It would help if you could elaborate on what exactly emplace does in your example, and why it's wrong.
    – eddi
    Commented Aug 9, 2016 at 21:50
  • 11
    @eddi: I added a section explaining this: std::unique_ptr<T> has an explicit constructor from T *. Because emplace_back can call explicit constructors, passing a non-owning pointer compiles just fine. However, when v goes out of scope, the destructor will attempt to call delete on that pointer, which was not allocated by new because it is just a stack object. This leads to undefined behavior. Commented Aug 10, 2016 at 0:47
  • 1
    @CaptainJacksparrow: It looks like I say implicit and explicit where I mean them. Which part has you confused? Commented Oct 31, 2017 at 22:22
  • 6
    @CaptainJacksparrow: An explicit constructor is a constructor that has the keyword explicit applied to it. An "implicit" constructor is any constructor that does not have that keyword. In the case of std::unique_ptr's constructor from T *, the implementor of std::unique_ptr wrote that constructor, but the issue here is that the user of that type called emplace_back, which called that explicit constructor. If it had been push_back, instead of calling that constructor, it would have relied on an implicit conversion, which can only call implicit constructors. Commented Nov 2, 2017 at 12:37
  • 3
    Excellent answer. For what it’s worth, Abseil’s Tip of the week #112 argues much the same. Commented Feb 4, 2021 at 11:26

push_back always allows the use of uniform initialization, which I'm very fond of. For instance:

struct aggregate {
    int foo;
    int bar;

std::vector<aggregate> v;
v.push_back({ 42, 121 });

On the other hand, v.emplace_back({ 42, 121 }); will not work.

  • 67
    Note that this only applies to aggregate initialization and initializer-list initialization. If you would be using {} syntax to call an actual constructor, then you can just remove the {}'s and use emplace_back. Commented Jun 5, 2012 at 2:30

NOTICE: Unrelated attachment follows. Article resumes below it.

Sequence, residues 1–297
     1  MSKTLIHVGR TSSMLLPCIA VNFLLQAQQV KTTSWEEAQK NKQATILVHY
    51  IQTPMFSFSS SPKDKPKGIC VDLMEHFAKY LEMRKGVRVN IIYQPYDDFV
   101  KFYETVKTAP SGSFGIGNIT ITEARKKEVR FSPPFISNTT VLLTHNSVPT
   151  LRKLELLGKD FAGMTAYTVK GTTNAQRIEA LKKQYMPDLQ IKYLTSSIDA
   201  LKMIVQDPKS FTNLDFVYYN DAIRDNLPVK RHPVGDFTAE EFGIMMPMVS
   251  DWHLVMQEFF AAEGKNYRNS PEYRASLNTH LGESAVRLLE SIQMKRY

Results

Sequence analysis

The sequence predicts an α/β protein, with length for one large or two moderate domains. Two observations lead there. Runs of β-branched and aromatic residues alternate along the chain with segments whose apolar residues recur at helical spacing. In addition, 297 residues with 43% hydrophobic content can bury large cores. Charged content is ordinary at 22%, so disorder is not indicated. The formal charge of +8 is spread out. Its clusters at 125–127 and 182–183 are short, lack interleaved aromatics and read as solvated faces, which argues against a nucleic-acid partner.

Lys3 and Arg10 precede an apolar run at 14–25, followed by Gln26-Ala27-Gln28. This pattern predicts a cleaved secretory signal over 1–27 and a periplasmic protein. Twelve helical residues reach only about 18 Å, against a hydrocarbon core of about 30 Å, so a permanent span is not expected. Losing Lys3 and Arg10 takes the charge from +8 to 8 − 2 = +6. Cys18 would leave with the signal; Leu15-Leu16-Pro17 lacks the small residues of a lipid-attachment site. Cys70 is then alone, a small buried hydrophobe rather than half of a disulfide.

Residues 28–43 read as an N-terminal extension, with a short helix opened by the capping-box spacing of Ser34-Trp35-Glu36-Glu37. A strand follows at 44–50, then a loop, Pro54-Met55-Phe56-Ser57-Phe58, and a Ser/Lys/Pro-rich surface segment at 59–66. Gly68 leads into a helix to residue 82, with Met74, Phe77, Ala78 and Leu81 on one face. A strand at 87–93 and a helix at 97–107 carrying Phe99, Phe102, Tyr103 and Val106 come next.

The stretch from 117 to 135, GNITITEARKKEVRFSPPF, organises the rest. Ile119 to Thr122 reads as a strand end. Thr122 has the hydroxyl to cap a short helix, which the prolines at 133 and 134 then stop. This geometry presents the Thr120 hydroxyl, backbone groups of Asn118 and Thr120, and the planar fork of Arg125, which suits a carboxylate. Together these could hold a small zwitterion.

• 1
    @LucDanton: As I said, it only applies to aggregate and initializer-list initialization. You can use {} syntax to call actual constructors. You could give aggregate a constructor that takes 2 integers, and this constructor would be called when using {} syntax. The point being that if you're trying to call a constructor, emplace_back would be preferable, since it calls the constructor in-place. And therefore doesn't require the type to be copyable. Commented Jun 5, 2012 at 13:04
  • 15
    This was viewed as a defect in the standard, and has been resolved. See cplusplus.github.io/LWG/lwg-active.html#2089 Commented Apr 28, 2016 at 15:49
  • 4
    @DavidStone Had it been resolved, it wouldn't still be in the "active" list... no? It appears to remain an outstanding issue. The latest update, headed "[2018-08-23 Batavia Issues processing]", says that "P0960 (currently in flight) should resolve this." And I still can't compile code that tries to emplace aggregates without explicitly writing a boilerplate constructor. It's also unclear at this point whether it'll be treated as a defect and thus eligible for backporting, or whether users of C++ < 20 will remain SoL. Commented Jan 6, 2019 at 15:03
  • 2
    @underscore_d: Excellent point. I had misunderstood the status of the issue when I had posted that comment. Instead, this has been resolved in C++20 by open-std.org/jtc1/sc22/wg21/docs/papers/2019/p0960r3.html, which was voted into the standard. Commented Aug 28, 2020 at 19:50

Backwards compatibility with pre-C++11 compilers.

  • 24
    That seems to be the curse of C++. We get tons of cool features with each new release, but a lot of companies are either stuck using some old version for the sake of compatibility or discouraging (if not disallowing) use of certain features.
    – Dan Albert
    Commented Jul 6, 2013 at 10:37
  • 7
    @Mehrdad: Why settle for sufficient when you can have great? I sure wouldn't want to be programming in blub, even if it was sufficient. Not saying that's the case for this example in particular, but as someone who spends most of his time programming in C89 for the sake of compatibility, it's definitely a real problem.